Ken Burns on America, Selling His First Film, PBS's Long Deadlines and More

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tags: documentaries, Ken Burns, television

With such an acrimonious election, we turn tonight to a man who tells the story of America in all her divisions and struggle for unity. Ken Burns' documentaries range from "The Civil War" to "Baseball," Vietnam, and last year's, "Country Music." Burns calls himself an emotional archeologist. He excavates lost love letters, forgotten photos and overlooked heroes. Research so deep, viewers can feel like strangers discovering America for the first time. His films ask what it means to be American. So, we asked, what does it mean to be Ken Burns? Ken Burns: I have had the privilege of spending my entire life making films about the U.S., capital U, capital S. But I've also had the privilege of making films about 'us,' the two-letter, lowercase, plural pronoun, that has a kind of intimacy and warmth to it. Scott Pelley: In the "Country Music" film, Merle Haggard says, country music is "about those things we believe in but can't see, like dreams and songs"-- Ken Burns: Songs and souls-- Scott Pelley: --"and souls." Ken Burns: It's telling us that there is in front of us a kind of rational world, in which one and one always equals two, but that the thing that compels us forward as human beings, is that we look for one and one equaling three. We find that in our faith. We find that in our art. We find that in our love of each other. And I think one of the things I discovered working on "Country Music" is that when I understood this dynamic between the U.S. and us, lowercase, uppercase, that I realized there's only us, no them.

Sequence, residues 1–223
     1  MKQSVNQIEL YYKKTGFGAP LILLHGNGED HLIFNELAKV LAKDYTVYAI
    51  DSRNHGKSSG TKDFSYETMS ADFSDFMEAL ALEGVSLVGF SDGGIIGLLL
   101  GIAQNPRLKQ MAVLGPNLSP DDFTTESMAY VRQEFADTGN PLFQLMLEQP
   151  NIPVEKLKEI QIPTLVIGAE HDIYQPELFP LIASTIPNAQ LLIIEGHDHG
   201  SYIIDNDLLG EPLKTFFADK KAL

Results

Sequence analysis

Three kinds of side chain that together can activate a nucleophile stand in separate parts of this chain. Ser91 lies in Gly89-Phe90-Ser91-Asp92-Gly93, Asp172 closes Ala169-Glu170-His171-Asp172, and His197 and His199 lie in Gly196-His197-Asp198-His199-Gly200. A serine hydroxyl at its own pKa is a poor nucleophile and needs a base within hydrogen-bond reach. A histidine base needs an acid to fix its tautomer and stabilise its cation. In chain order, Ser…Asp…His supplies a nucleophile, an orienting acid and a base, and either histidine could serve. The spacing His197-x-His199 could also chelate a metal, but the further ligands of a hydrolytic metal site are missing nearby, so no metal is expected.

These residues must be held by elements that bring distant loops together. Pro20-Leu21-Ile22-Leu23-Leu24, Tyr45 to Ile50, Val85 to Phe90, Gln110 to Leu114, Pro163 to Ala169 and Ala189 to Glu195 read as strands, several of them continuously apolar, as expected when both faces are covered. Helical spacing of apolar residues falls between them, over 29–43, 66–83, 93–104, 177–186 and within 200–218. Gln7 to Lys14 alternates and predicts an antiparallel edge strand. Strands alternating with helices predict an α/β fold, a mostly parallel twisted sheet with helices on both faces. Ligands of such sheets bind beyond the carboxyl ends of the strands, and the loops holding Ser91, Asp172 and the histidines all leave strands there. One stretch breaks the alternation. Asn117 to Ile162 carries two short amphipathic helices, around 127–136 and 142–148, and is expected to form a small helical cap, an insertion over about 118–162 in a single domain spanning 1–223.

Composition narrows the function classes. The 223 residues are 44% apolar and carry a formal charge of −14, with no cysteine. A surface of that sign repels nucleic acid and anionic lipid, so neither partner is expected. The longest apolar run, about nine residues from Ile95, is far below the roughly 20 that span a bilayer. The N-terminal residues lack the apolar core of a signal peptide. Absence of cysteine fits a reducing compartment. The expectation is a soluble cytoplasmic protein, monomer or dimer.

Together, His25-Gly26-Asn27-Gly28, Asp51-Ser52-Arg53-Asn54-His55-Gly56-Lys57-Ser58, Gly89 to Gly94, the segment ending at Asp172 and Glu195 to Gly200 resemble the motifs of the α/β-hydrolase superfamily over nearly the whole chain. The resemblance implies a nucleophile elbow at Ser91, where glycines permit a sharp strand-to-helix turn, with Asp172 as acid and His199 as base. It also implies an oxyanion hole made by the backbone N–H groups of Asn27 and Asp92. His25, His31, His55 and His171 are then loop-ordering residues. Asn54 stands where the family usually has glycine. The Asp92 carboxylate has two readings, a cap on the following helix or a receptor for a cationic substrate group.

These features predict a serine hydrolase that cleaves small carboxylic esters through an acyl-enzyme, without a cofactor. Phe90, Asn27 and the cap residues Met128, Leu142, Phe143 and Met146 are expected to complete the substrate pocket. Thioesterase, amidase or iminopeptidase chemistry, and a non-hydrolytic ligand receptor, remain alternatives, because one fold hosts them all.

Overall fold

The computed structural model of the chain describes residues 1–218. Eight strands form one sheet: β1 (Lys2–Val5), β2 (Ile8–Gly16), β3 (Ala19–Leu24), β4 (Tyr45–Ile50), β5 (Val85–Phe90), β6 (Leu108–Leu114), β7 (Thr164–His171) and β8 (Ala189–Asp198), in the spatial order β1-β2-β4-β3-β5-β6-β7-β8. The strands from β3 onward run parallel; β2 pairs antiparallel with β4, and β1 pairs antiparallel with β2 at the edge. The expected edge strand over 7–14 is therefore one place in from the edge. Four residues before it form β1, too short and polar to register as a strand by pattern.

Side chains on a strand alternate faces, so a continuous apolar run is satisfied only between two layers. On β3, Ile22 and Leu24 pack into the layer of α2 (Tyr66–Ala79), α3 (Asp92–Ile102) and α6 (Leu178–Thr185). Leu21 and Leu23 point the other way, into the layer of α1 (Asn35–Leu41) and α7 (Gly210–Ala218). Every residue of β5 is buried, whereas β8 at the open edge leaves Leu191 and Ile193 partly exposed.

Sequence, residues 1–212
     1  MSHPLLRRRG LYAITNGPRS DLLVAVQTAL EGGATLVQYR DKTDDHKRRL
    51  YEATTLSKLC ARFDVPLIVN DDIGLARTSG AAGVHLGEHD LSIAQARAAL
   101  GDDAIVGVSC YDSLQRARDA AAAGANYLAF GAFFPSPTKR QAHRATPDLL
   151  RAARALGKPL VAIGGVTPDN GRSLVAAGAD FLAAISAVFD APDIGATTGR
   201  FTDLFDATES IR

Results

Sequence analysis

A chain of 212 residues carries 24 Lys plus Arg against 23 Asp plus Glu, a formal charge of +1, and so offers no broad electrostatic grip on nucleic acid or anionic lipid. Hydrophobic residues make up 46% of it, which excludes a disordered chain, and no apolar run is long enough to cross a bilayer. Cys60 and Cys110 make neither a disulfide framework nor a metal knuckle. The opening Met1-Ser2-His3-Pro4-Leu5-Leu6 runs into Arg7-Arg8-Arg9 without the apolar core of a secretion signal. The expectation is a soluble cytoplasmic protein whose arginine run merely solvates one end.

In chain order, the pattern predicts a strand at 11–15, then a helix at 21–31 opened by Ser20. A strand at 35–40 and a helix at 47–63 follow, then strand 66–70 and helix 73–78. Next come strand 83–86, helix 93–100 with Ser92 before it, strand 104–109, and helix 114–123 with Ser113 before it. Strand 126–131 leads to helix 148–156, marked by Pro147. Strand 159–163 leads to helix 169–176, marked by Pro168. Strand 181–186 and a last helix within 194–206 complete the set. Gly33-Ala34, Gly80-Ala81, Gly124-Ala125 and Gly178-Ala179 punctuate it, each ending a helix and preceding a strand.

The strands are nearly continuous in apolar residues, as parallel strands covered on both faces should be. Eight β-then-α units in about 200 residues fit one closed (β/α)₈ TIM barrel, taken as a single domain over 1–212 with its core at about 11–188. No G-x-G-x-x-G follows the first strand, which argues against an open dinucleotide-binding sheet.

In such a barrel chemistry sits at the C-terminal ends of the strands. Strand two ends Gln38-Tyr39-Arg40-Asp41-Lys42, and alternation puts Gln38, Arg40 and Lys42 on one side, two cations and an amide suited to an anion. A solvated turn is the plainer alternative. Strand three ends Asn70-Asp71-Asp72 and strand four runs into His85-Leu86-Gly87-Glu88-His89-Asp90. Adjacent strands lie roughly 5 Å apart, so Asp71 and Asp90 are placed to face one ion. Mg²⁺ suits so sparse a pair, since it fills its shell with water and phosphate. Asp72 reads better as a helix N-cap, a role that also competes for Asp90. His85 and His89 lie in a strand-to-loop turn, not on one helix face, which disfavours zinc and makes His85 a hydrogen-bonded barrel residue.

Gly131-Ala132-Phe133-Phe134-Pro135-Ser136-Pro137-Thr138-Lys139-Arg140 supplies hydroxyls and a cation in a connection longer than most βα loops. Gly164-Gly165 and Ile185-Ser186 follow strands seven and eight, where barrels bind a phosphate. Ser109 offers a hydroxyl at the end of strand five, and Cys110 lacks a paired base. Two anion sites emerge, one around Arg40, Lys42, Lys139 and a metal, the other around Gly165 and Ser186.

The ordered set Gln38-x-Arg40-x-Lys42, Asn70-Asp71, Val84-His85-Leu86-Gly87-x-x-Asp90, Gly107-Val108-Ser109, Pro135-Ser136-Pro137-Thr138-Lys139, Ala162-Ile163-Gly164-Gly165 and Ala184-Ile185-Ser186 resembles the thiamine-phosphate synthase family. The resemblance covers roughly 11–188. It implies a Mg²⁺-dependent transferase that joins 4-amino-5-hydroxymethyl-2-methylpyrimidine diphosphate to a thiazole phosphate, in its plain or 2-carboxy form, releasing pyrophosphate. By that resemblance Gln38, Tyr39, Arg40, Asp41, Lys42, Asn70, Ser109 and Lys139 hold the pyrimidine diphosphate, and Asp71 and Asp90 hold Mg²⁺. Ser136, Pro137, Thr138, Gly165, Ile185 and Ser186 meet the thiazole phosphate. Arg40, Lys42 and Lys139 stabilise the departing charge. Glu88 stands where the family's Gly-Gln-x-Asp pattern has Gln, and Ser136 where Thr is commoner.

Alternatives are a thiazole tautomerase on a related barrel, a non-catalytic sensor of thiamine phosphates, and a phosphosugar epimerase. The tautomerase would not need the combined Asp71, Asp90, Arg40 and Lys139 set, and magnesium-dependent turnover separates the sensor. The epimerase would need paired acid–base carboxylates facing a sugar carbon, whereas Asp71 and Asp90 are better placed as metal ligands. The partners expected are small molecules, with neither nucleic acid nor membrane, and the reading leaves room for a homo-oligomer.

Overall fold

With such an acrimonious election, we turn tonight to a man who tells the story of America in all her divisions and struggle for unity. Ken Burns' documentaries range from "The Civil War" to "Baseball," Vietnam, and last year's, "Country Music." Burns calls himself an emotional archeologist. He excavates lost love letters, forgotten photos and overlooked heroes. Research so deep, viewers can feel like strangers discovering America for the first time. His films ask what it means to be American. So, we asked, what does it mean to be Ken Burns?

Ken Burns: I have had the privilege of spending my entire life making films about the U.S., capital U, capital S. But I've also had the privilege of making films about 'us,' the two-letter, lowercase, plural pronoun, that has a kind of intimacy and warmth to it. 

Scott Pelley: In the "Country Music" film, Merle Haggard says, country music is "about those things we believe in but can't see, like dreams and songs"--

Ken Burns: Songs and souls--

Scott Pelley: --"and souls." 

Ken Burns: It's telling us that there is in front of us a kind of rational world, in which one and one always equals two, but that the thing that compels us forward as human beings, is that we look for one and one equaling three. We find that in our faith. We find that in our art. We find that in our love of each other. And I think one of the things I discovered working on "Country Music" is that when I understood this dynamic between the U.S. and us, lowercase, uppercase, that I realized there's only us, no them.

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